Tensions between the U.S and China remain at elevated levels. Beijing is the latest to take a swipe at Washington over an impending move to delist three Chinese Telcos from the New York Stock Exchange. China has already called out the action, insisting it amounts to a breach of the market rules and is only politically motivated.
Chinese Companies Delisting
The delisting of the three Chinese companies is in response to President Donald Trump’s executive order issued last year November. The executive order prohibited the trading of any Chinese company in the U.S with close ties to the communist party and the Chinese military.
The ban is poised to affect China Telecom, China Mobile, and China Unicom Hong Kong. China Securities Regulatory Commission has already hit back at the delisting plans reiterating it amounts to the disregard of legitimate rights of global investors.
The agency also maintains the delisting move will have a limited impact on the three companies’ operations given the companies’ larger user base and established operation base. The delisting which is slated for January 11 is more than likely to trigger a response from Beijing which has so far remained tight-lipped on what it will do.
Stock Market Bull Run Uncertainty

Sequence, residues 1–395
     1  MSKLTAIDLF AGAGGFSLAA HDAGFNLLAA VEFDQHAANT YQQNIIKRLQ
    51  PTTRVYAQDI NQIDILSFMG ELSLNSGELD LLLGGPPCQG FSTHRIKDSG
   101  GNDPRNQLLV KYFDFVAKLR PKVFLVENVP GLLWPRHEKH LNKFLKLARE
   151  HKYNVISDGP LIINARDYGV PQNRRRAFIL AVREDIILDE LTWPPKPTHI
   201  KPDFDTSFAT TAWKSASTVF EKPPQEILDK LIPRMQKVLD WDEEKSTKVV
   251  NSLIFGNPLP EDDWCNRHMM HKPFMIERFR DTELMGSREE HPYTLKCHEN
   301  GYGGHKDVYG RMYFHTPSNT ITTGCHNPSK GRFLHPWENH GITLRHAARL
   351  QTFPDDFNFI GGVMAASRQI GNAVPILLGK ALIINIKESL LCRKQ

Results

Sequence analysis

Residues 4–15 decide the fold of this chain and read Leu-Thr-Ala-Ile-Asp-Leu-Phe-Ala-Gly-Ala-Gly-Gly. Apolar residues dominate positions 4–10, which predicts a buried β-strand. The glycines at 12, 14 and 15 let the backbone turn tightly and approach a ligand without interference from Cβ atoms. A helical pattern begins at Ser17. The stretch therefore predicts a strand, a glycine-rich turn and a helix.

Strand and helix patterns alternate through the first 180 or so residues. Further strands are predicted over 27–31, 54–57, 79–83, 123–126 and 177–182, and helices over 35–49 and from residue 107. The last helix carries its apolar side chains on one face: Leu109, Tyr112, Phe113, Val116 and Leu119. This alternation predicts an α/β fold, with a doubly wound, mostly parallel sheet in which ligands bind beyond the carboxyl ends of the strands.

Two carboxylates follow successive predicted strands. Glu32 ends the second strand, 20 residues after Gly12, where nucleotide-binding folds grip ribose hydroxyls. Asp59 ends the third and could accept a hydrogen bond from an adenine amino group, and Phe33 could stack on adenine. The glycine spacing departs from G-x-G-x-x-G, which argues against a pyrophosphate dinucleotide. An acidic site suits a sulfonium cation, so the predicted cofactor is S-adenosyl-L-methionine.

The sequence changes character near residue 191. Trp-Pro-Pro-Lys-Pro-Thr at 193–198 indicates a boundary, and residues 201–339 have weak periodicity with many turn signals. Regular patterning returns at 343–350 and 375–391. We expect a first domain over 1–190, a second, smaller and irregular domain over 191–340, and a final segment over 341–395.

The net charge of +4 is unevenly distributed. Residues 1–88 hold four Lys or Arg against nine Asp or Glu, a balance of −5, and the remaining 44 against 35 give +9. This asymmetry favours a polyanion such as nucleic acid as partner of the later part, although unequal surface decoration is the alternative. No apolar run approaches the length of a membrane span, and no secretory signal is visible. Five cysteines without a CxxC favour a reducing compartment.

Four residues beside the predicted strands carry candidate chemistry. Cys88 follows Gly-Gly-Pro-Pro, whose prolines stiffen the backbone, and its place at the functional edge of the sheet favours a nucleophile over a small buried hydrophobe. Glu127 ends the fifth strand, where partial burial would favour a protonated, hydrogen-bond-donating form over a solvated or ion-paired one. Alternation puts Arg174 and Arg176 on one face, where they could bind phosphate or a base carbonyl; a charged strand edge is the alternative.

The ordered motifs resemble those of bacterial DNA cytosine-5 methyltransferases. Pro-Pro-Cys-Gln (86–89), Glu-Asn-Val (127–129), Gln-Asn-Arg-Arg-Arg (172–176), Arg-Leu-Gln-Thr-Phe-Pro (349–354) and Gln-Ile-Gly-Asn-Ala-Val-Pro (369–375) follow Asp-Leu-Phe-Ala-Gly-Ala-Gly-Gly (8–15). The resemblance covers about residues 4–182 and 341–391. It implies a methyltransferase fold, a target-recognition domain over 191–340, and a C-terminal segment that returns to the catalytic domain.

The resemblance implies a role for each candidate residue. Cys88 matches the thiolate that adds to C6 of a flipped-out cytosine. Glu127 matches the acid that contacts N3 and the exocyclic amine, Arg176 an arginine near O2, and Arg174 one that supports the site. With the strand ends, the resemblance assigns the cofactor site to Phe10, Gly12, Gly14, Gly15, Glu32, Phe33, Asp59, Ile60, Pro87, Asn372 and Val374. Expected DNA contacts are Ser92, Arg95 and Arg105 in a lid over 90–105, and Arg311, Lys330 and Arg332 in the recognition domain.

Amid the U.S-China stand-off that continues to take a toll on sentiments in the market, there is growing concerned about valuation in the stock market. Fears of building bubbles are already eliciting concerns with long time bear David Rosenberg warning of crowded trades amid a struggling economic backdrop.
According to Rosenberg, the stock market is anywhere between 20% to 30% overvalued, based on different metrics. The sentiments have since been eclipsed with the major indices pulling down from record highs on the first day of trading of the New Year.
A sell-off engulfed the broader stock market after initially powering to record highs. Shares fell sharply on Monday as risk appetite subsided amid the upcoming runoff elections in Georgia and growing concerns over the COVID-19 situation. Al the three major indices hit two-week lows.
Bitcoin was also on the receiving end after powering to record highs of $33,000. The cryptocurrency declined by more than 15%, before recouping some of the losses in one of the most volatile trading sessions. Rosenberg is avoiding Bitcoin which was up by more than 300% in 2020. Over the next 12 months, Rosenberg intends to avoid last year’s winners with the focus shifting to laggards such as utilities and energy.
Valuation concerns are also slowly creeping up in emerging markets which has been a soft spot amid the COVID-19 ravaged global economy. However, with price levels looking divorced from the fundamental backdrop caution appears to be the main theme.
A covid-19 situation that refuses to fade away compounded by uneven rates of recovery in some of the biggest developing economies continues to fuel jitters among investors. The Relative strength index of the MSCI Ink’s is already above 70 suggesting emerging equities are overbought.
Going by events on the first day of trading in the New Year, the stock market is in for elevated volatility levels. Markets could face headwinds amid escalating U.S China tensions compounded by election uncertainty and the upcoming regime change at the Whitehouse.